Specialist nurses are far from just the ‘icing on the cake’ – in inflammatory bowel disease alone they are consistently preventing emergency attendances and ensuring the most appropriate use of services. Report by Claire Read
When Bu Hayee first reviewed the 2013 hospital episodes statistics (HES) data on accident and emergency attendances for ulcerative colitis, he was convinced there was some kind of mistake.
Where nurses are running effective advice lines, patients with complex Crohn’s or complex ulcerative colitis – or a flare of a straightforward condition – don’t pitch up at A&E
After an initial four months in which hardly any patients with the condition arrived at his hospital’s emergency department, things abruptly changed.
“Suddenly in May to June we had this huge spike where we saw almost an attendance a day: between 20 and 30 attendances per month for those two months,” recalls Dr Hayee, clinical lead for gastroenterology at King’s College Hospital Foundation Trust.
“Initially I thought it was a bit odd, and that it was just a data error. But we looked back and went through the data manually, and actually it was true. And we realised May and June was when our single handed inflammatory bowel disease (IBD) nurse went on maternity leave, and we couldn’t cover her for those two months.”
Sure enough, when an IBD specialist nurse was reintroduced, A&E attendances for patients with ulcerative colitis fell. It is a small but striking example of the impact these nurses can have on the efficiency of care. The exact roles performed by such staff may vary, but Isobel Mason says a telephone advice line is a constant – and thus so is avoidance of unplanned care.
“Where nurses are running effective advice lines, patients with complex Crohn’s or complex ulcerative colitis – or a flare of a straightforward condition – don’t pitch up at A&E,” argues Ms Mason, nurse consultant at Royal Free London FT and IBD nursing development manager at Crohn’s and Colitis UK.
“They call the nurse and the nurse manages them appropriately. Sometimes that’s without the patient even needing to attend the hospital, or by [the nurse] putting them into the right acute management pathway, so avoiding A&E. That’s a massive cost saving, and something that everyone wants. Nobody wants general A&E doctors having to deal with the complexities of IBD management.”
It is a strong argument, but Vikki Garrick – paediatric IBD nurse specialist and GI nurse team lead at the Royal Hospital for Children, Glasgow – fears she and her colleagues are still seen as “the icing on the cake”, there solely to deliver outstanding patient care. For A&E avoidance and much else besides, she contends IBD nurse specialists should in fact be considered less as icing and more as “a fundamental part of the batter”.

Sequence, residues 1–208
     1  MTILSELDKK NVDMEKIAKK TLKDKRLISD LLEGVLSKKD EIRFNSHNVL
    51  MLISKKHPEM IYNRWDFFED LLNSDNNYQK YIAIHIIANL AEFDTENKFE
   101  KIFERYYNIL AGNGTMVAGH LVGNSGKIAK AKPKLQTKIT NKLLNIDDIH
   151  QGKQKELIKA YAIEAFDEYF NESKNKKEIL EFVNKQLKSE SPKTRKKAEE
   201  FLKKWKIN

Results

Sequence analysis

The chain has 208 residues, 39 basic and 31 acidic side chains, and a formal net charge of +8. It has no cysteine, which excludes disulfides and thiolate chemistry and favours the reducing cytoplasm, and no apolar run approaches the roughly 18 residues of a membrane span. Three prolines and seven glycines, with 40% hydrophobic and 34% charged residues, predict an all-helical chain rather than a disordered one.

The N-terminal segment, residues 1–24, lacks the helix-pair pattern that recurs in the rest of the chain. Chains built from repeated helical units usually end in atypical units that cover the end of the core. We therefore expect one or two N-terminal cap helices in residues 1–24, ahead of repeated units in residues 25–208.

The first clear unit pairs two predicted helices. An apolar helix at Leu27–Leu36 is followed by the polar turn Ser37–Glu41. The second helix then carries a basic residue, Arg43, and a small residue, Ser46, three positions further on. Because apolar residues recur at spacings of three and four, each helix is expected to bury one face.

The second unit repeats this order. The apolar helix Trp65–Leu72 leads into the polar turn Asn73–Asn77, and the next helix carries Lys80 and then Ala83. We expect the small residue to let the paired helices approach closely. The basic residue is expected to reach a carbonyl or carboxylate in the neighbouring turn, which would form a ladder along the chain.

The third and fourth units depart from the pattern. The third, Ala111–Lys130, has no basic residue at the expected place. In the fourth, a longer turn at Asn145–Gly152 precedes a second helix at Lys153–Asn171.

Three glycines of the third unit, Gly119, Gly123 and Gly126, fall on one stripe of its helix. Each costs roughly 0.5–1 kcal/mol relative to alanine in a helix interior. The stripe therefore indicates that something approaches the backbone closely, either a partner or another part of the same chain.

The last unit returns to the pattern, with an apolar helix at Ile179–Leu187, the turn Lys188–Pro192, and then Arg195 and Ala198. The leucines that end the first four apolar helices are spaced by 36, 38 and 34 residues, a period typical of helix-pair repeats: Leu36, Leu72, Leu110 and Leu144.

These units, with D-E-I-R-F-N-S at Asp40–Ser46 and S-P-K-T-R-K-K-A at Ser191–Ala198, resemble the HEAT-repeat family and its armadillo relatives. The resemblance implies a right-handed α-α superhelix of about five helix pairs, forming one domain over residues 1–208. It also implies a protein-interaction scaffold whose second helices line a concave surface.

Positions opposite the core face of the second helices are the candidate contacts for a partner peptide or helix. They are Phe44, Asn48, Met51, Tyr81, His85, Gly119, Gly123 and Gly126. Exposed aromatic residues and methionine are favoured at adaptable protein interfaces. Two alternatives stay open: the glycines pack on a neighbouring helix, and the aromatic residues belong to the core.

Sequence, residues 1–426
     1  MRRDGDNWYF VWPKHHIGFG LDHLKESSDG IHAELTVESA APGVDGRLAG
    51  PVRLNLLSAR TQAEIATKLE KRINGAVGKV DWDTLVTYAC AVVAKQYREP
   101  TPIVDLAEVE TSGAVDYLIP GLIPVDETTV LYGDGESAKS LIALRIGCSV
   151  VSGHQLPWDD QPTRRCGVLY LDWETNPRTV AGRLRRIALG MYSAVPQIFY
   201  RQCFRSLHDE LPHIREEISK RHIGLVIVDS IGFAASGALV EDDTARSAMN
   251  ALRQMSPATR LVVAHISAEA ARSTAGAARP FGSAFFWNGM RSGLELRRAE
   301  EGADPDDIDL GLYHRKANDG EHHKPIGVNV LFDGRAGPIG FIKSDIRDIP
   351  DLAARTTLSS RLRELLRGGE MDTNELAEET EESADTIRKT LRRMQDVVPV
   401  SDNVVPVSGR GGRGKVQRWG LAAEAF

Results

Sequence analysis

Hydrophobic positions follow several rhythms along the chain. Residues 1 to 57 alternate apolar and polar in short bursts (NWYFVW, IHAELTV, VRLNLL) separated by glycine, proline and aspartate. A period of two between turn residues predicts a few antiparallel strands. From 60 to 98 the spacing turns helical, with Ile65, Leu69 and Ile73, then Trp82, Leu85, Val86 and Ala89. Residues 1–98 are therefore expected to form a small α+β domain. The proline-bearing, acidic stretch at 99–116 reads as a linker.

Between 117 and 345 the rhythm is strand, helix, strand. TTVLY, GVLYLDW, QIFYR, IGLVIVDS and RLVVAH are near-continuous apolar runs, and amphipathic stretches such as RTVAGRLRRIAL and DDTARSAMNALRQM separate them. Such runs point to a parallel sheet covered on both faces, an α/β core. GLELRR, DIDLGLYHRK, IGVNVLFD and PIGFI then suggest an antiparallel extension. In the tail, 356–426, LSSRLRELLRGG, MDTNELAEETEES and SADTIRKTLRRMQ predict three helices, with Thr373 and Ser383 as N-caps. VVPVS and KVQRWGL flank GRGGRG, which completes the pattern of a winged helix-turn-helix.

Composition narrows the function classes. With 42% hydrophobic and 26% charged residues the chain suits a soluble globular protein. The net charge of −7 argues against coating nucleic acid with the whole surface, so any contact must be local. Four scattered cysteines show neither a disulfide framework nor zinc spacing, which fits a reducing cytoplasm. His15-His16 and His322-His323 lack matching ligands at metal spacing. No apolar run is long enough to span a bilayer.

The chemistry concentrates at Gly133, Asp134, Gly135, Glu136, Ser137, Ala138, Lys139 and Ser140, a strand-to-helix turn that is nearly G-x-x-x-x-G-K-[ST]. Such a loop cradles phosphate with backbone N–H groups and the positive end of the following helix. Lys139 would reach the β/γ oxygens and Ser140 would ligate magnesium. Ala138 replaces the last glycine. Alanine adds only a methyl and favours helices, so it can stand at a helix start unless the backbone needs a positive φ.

If you can get expert nurses to assess patients and either keep them at home or move them along quicker, it frees up the front door for those emergencies that need support from other areas
“The clinical nurse specialist is not all about the delivery of patient care,” she emphasises. “It’s about designing a service that will support the patient: doing the best you can for your patients with the resources that you’ve got, and thinking smartly about how you do that.”
There are now more than 300,000 people in the UK living with either ulcerative colitis or Crohn’s disease – the two main types of IBD – and numbers are increasing. Around 25 per cent of those cases will be diagnosed in childhood or adolescence.
While the exact symptoms vary, these conditions are always chronic and involve periodic exacerbations. Such flare-ups can include severe abdominal pain and frequent passing of watery stools, sometimes with blood.
These are disturbing and unpleasant symptoms, but rarely best managed in an emergency setting. The problem is that a third of patients report no access to an expert IBD nurse, and 63 per cent of services do not have enough nurses to meet national standards. That means A&E or the GP becomes the point of call.
As a healthcare manager, a Crohn’s patient, and a trustee of Crohn’s and Colitis UK, it is a state of affairs into which Amanda Quincey has a particularly keen insight. She recognises that, for a commissioner or for a provider chief executive with multiple priorities, it can be difficult to decide to spend money on an IBD specialist nurse rather than on something else which may have a higher profile.